Take a moment to try this thought experiment … At what point in your life did you look at your birth certificate to confirm that you were indeed born on the day that your parents said you were born?
For most people, the answer is never. You simply took your parents’ word. Because you trusted them.
Your parents hopefully did a lot of things to help build that trust — like feed and clothe you, teach you lessons, play with you, and protect you. People who don’t have that experience, however, feel something entirely different: they question everything. They don’t inherently trust.
For most of us, though, if we read or hear something from someone we know, like, and trust, we accept it without question.
As an entrepreneur, you need to think of your customer as a child who’s been burned one too many times. Who’s been hoodwinked, ridiculed, and neglected. Who’s defensive, reserved, and hard-nosed.
In fact, this is the case. Your job is to win the trust of that child.
Five simple methods
Joanna Wiebe presents a concept called “So What? Prove it.” It’s a blunt way of examining how your prospect views your product claims.
To make your prospects care, you need to show them how your product can make them see a better version of themselves. And then you need to prove it.
The conventional way to prove a claim is to present testimonials, endorsements, or press mentions — leveraging the power of a source that is known, liked, and trusted.
But if your product is new, then you’re likely wondering how you can generate these statements of social proof.
The answer is, incorporate gathering proof into the product development process.
Then, you won’t have to put a lot of pressure on yourself and scramble to acquire social proof the moment you launch a brand-new product.
Here’s how to generate proof as you develop your product.
1. Offer free trials
In The Robert Collier Letter Book, Robert Collier tells the story of a Pennsylvania mail order house that used typical rules of attention and interest but their main argument rested on proof.
In other words, testimonials. This is one of their ads:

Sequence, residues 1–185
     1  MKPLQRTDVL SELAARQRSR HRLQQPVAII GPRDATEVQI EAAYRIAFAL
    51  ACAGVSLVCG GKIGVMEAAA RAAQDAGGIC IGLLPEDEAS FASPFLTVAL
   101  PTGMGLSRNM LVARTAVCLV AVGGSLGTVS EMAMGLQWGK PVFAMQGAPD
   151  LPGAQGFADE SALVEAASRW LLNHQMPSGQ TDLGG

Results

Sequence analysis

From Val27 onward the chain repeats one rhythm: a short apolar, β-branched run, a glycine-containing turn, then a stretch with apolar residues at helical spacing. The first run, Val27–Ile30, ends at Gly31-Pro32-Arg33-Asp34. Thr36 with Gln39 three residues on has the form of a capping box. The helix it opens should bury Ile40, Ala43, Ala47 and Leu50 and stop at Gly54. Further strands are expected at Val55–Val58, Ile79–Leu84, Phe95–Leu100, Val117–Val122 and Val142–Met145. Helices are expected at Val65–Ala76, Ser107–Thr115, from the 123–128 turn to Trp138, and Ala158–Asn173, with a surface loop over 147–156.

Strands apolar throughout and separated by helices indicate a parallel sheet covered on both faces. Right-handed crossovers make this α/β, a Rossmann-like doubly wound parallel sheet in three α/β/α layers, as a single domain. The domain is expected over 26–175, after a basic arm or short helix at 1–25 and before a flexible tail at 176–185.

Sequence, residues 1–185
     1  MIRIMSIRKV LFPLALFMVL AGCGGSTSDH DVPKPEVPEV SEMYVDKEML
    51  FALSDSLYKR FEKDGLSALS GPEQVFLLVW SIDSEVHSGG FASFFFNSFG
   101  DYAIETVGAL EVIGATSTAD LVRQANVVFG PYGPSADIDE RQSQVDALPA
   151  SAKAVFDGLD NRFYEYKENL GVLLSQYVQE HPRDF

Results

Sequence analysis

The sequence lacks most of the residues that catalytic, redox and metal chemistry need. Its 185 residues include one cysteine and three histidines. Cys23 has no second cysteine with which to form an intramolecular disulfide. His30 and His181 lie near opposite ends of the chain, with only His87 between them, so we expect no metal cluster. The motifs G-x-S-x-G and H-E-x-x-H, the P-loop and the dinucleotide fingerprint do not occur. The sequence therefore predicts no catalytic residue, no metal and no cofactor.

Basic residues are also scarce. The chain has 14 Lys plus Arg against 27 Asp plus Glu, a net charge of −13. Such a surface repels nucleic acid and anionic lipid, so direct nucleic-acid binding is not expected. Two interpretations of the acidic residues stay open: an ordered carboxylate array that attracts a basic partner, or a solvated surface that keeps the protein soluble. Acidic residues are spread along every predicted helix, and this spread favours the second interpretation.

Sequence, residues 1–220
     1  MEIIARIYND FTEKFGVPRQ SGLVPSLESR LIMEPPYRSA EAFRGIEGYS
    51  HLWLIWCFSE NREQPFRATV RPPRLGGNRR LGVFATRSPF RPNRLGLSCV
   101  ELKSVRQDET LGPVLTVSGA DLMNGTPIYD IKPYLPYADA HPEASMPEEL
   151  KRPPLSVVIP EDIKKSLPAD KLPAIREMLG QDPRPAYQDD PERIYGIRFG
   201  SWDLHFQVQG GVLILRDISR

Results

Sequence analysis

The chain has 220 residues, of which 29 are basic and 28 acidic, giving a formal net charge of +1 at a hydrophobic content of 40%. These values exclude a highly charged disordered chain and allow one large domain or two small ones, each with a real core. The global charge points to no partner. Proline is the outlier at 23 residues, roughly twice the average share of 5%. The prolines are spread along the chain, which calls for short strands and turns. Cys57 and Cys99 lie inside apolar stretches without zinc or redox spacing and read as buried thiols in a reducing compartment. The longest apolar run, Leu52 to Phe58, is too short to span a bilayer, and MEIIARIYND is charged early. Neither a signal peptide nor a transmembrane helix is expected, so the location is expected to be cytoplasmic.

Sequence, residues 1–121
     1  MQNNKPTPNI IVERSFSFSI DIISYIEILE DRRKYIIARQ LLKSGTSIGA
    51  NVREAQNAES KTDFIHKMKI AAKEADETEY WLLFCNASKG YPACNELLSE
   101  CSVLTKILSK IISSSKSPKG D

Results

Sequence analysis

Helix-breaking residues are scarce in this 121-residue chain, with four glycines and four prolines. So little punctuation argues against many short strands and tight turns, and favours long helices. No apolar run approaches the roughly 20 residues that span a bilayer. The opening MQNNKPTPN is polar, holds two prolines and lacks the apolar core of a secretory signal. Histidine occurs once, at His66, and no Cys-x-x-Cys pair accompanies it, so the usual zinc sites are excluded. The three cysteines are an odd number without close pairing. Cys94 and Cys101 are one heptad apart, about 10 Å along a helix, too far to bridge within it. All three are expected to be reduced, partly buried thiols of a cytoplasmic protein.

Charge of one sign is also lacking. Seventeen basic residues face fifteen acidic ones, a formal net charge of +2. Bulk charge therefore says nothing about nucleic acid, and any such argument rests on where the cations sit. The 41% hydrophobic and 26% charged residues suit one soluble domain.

When 10,000 men from all over the country send all the way out here just to get a raincoat, there must be something unusual about these coats.
Statements we write about ourselves don’t have as much impact as statements that come from someone else.
And it doesn’t matter if you are in a little town tucked away in Pennsylvania, or living in the mountains of Thailand, you can build a business on the back of statements coming from the mouths of customers.
As Collier said:
Let some third person make the statement, however, apparently from excess of enthusiasm over the wonderful value or service he has received, and we prick up our ears. Let that be backed by positive proof and we are ready to risk our money.
But how do you get third-person statements if you don’t have any customers yet?
What you can do: Run a free trial. Onboard as many people as you can in the early stages of your product launch. In these early stages, ask for feedback through email or a membership forum.
And when the free trial ends and someone converts to a paying customer, send that person an email that says something like:
Thank you for using [your product name]! Let us know how we can help. And if you don’t mind, would you let us know if you’d recommend our product to family and friends? And if so, why?”
And you have a testimonial.
2. Create superb welcome experiences
If you bought a Tilley fishing hat a few years ago, you received a letter that congratulated you on buying one of their hats, gave you tips on how to care for the hat, mentioned an enclosed gift, and pitched a few other relevant products.
That’s on the front cover of the letter. Flip the letter over, and the magic was on the back.
There you found an “Insurance Certificate.” This “insurance” allows you to get a replacement hat for half-off if the hat is lost or stolen.
This is a cute and clever gimmick, but it makes the buying experience thrilling, and it may inspire a customer to write a testimonial.